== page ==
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Zur Sache, Schätzchen (1968)

A free-wheeling comedy, Zur Sache Schaetzchen chronicles a day in the life of Martin, a witty yet lazy songwriter who'd rather not get out of bed. During the opening sequence, Martin ... See full summary »



(as Peter Schlieper), | 1 more credit »
4 wins & 2 nominations. See more awards »
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Cast overview, first billed only:
Werner Enke ...
Henry van Lyck ...
Henry van Busch
Rainer Basedow ...
Wachhabender im Polizeirevier
Inge Marschall ...
Helmut Brasch ...
Viktor Block
Joachim Schneider ...
Fritz Schuster ...
Horst Pasderski ...
Ursula Bode
Edith Volkmann ...
Martin Lüttge ...
Dichter im Fahrstuhl
Erwin Dietzel ...
Li Bonk ...
Blocks Sekretärin


A free-wheeling comedy, Zur Sache Schaetzchen chronicles a day in the life of Martin, a witty yet lazy songwriter who'd rather not get out of bed. During the opening sequence, Martin watches a break-in on the other side of the street. In the morning, his friend Henry forces him to report it to the police, yet Martin gets bored with the cops and flees. The two of them spent the rest of the day escaping the law, in the Munich zoo and a public bath, were Martin meets Barbara. Block, the record company executive, needs Martin's new song lyrics right away, and Martin, who continually cranks out mad random remarks, comes up with a ridiculous sailor song. In the end, Martin's playful- ness collides with the authority the police represents. The movie is certainly not plot based; it draws its superior humor from one-liners and the hilarious, carefree insanity of its protagonist. Written by Jurgen Muck Fauth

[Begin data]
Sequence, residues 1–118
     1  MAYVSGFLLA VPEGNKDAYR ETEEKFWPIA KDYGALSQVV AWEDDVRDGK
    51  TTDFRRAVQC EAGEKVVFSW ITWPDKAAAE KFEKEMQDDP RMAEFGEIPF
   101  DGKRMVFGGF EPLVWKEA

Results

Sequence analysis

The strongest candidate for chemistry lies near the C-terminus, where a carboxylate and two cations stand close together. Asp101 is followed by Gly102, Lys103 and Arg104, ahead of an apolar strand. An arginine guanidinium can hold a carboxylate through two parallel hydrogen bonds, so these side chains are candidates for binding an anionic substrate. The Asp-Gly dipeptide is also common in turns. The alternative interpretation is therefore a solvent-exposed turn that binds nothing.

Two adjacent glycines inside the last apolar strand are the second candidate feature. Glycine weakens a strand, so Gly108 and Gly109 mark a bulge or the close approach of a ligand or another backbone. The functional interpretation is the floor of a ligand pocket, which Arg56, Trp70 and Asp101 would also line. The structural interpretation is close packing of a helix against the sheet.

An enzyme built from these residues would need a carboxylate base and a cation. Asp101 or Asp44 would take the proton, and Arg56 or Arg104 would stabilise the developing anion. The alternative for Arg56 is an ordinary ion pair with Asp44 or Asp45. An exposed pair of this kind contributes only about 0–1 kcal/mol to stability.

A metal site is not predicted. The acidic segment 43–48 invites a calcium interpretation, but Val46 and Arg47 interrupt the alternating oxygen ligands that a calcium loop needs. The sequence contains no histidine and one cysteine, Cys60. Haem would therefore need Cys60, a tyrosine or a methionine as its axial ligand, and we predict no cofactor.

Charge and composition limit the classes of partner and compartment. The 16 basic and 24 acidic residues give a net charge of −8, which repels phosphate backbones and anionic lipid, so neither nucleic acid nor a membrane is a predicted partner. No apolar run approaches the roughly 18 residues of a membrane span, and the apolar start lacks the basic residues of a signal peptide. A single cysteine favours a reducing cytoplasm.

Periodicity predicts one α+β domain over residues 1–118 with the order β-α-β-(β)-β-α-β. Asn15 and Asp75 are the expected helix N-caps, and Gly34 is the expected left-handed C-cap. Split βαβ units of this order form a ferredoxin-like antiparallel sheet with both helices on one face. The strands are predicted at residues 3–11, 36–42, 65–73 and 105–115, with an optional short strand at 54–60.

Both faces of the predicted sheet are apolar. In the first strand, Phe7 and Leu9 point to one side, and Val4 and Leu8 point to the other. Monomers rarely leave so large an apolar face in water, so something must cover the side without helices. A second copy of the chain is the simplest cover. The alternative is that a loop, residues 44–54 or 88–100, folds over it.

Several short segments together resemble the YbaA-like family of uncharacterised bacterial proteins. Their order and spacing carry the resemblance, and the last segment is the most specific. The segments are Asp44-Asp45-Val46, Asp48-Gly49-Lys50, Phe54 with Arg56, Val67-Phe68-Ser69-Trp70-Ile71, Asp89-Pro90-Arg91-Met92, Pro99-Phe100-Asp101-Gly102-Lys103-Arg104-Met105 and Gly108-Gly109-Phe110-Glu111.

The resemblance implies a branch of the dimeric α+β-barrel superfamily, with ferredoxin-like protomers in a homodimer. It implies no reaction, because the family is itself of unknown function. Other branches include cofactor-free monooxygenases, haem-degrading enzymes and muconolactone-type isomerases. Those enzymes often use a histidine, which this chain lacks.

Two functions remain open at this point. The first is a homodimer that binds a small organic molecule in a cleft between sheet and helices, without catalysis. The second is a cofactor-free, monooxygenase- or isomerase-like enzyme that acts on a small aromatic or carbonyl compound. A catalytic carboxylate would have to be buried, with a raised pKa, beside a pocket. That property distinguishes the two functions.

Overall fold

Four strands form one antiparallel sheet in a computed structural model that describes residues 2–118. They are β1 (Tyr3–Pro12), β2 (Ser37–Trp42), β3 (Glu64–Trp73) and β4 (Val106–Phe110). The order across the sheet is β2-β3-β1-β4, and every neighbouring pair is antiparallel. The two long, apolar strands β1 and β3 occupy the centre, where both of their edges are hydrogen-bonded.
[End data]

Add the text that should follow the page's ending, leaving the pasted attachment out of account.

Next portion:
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Release Date:

4 January 1968 (West Germany)  »

Also Known As:

Go for It, Baby  »

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Did You Know?


Director May Spils and male lead Werner Enke wrote and made this movie as a couple. And although Enke's semi-autobiographical role displays him as insouciant, flippant, variable and erratic, the two have stayed together ever since. See more »


When Martin escapes from the police for the first time, he exhales smoke although he is not holding a cigarette. See more »


Referenced in Wenn mein Schätzchen auf die Pauke haut (1971) See more »

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User Reviews

A Movie That Simply Won't Age (Unlike Uschi Glas)
4 July 2007 | by (Yurp) – See all my reviews

To contradict an earlier user comment, this movie is to me pretty much the opposite of "tedious avant-garde". I mean it's avant-garde in the good sense -- innovative but without foot-stepping some dogma that has been decreed by the Cahiers du cinéma -- and it certainly isn't tedious. Spils and Enke (the director and the male hero of the movie, who made this movie as a real-life couple) have done an exceptional, almost documentarian, job of capturing the mood of the times by condensing it into several outstanding characters.

If you have become used to the established Hollywood version of "The Sixties", where it's the Fifties in one scene, and then, bang!, the Sixties, cue "Turn! Turn! Turn!" from The Byrds and roll out the flowery shirts and nappy hairdos, then you're in for a surprise. It's the revolution, all right, but our heroes wear long-sleeved buttoned shirts, properly combed hair, the Vietnam war seems to be a hundred years in the offing, and the banjo-whistely soundtrack would have made Jimi Hendrix run for his tour bus.

Munich-Schwabing, where most of this movie was shot, had been Germany's political hotbed for some years, and in 1967 "the action" had just moved on to other cities. You can smell a whiff of the eternal Bavarian revolutionary credo in the air: "A bissl was geht allerwei!" -- which may be instantly congenial but is, unfortunately, completely untranslatable.

By the way, my favorite scenes are when the different characters enter the elevator and meet its inhabitant, an obscure studenty character who apparently lives there, and spends his time reading, writing, drinking coffee and smoking. Slightly embarrassed and nervous glances are exchanged, no explanation is ever given.

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